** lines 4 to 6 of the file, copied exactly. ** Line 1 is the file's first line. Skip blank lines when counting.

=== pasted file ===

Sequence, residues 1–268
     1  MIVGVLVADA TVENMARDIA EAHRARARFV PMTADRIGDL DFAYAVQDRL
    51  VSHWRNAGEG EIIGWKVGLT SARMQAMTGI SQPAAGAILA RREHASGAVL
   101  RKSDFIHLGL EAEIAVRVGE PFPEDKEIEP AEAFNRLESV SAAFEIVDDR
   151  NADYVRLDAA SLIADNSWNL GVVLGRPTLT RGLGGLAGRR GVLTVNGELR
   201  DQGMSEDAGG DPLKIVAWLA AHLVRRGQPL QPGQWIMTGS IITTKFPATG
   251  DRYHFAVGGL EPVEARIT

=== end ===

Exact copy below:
   101  RKSDFIHLGL EAEIAVRVGE PFPEDKEIEP AEAFNRLESV SAAFEIVDDR
   151  NADYVRLDAA SLIADNSWNL GVVLGRPTLT RGLGGLAGRR GVLTVNGELR
   201  DQGMSEDAGG DPLKIVAWLA AHLVRRGQPL QPGQWIMTGS IITTKFPATG